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‘Ten Years for Agroecology in Europe’

New research shows an organically farmed Europe can feed a growing population a healthy diet
Katie Hill - Editor-in-Chief, My Green Pod
Agroforestry in Shropshire, UK

Europe could be farmed entirely through agroecological approaches such as organic and still feed a growing population, according to a new scientific paper released in the UK.

Published a week after research revealed a steep decline in global insect populations linked to pesticide use, the ‘Ten Years for Agroecology’ study from European think tank IDDRi shows that pesticides can be phased out and greenhouse gas emissions radically reduced in Europe through agroecological farming, which would still produce enough healthy food for a growing population.

An agroecological Europe

With new agricultural and dietary modelling, the report’s authors examine the reduction in yields that would result from a transition to agroecological farming.

These reductions can be mitigated by eliminating food-feed competition – reorienting diets towards plant-based proteins and pasture-fed livestock, and away from grain-fed white meat. More than half the cereals and oilseed crops grown in the EU are currently fed to animals.

The paper suggests that agroecology – using ecological principles first and chemicals last in agriculture – presents a credible and holistic way of feeding Europe by 2050. But action is needed now: the next 10 years will be critical in engaging Europe in this agroecological transition.

Refocusing diets

Rob Percival, head of food policy at the Soil Association said: ‘Pesticide-hungry intensive production is not the only way to feed a growing population. The ‘Ten Years for Agroecology’ study shows that agroecological and organic farming can feed Europe a healthy diet, while responding to climate change, phasing out pesticides and maintaining vital biodiversity.’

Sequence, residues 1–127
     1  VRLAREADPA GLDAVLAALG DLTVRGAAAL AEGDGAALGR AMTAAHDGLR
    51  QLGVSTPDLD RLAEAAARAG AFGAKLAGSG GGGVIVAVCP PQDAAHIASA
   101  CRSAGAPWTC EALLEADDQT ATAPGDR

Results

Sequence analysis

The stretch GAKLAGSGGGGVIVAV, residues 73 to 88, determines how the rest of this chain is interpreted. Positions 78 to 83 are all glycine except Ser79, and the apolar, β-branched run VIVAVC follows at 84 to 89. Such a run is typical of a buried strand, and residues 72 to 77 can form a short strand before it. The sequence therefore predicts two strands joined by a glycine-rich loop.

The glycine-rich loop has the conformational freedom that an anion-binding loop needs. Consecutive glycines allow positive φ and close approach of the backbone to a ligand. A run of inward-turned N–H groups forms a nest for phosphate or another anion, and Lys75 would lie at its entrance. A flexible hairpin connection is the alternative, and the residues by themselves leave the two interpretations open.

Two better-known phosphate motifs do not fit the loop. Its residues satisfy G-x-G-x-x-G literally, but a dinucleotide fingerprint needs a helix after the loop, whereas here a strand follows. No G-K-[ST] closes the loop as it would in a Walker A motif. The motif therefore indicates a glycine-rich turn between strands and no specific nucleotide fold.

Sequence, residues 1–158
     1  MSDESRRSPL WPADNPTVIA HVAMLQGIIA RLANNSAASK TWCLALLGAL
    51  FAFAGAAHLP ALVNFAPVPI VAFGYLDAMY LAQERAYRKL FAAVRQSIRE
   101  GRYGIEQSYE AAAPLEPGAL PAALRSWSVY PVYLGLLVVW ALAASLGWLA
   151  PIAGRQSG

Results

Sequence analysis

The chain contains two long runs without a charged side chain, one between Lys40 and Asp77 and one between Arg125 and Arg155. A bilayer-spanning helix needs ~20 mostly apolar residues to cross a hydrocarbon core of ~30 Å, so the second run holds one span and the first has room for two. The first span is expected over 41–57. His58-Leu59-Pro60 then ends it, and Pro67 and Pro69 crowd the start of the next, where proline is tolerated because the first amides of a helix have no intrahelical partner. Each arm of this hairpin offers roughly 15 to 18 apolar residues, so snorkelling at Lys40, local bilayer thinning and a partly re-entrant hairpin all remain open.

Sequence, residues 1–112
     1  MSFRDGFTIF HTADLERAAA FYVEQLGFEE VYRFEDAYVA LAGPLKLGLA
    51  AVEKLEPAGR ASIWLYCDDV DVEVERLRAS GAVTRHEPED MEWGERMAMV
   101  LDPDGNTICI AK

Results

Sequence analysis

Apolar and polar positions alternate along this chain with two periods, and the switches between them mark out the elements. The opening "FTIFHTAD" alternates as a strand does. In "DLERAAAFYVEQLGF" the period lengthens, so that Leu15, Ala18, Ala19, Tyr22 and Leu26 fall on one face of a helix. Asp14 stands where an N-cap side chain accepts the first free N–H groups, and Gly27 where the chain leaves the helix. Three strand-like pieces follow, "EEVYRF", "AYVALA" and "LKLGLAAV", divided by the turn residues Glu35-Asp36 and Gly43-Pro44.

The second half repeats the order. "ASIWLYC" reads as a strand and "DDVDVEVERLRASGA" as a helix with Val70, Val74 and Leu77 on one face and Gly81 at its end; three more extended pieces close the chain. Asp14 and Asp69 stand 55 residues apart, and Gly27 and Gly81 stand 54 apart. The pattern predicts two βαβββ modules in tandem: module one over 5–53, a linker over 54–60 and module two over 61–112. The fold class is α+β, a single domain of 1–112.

‘The idea of an entirely agroecological Europe is often considered unrealistic in terms of food security because agroecology sometimes means lower yields. But this new research shows that by refocusing diets around plant-based proteins and pasture-fed livestock, a fully agroecological Europe is possible. The UK government should respond by supporting agroecology within the Agriculture Bill.’

Head of food policy at the Soil Association

A model for the future

The ‘Ten Years for Agroecology’ study models a future in which meat production in Europe has been reduced by 40%, with the greatest reductions in the production of grain-fed pork and poultry.

European diets would include less meat and more plant-based proteins overall, but with an ongoing sustainable role for grass-fed meat and dairy.

Europe would have achieved protein self-sufficiency, halting the import of protein crops for animal feed, which are often associated with deforestation and greenhouse gas emissions abroad.

Europe’s biodiverse and carbon-rich grasslands would be maintained, nurturing biodiversity and contributing towards a reduction in agricultural greenhouse gas emissions of 40%.

The study is being published in parallel with the UK launch of the EAT-Lancet ‘planetary health diet’, which proposes a shift towards a more plant-based diet. The ‘Ten Years for Agroecology’ study addresses similar concerns to EAT-Lancet, but places greater emphasis on farmland biodiversity, and frames these concerns in a specifically European context.

The IDDRi paper has already launched in Europe, but the Soil Association has worked with the authors to bring the English translation of this research to the UK.

Click here to find out why Soil Association’s Helen Browning advocates a return to agroforestry.

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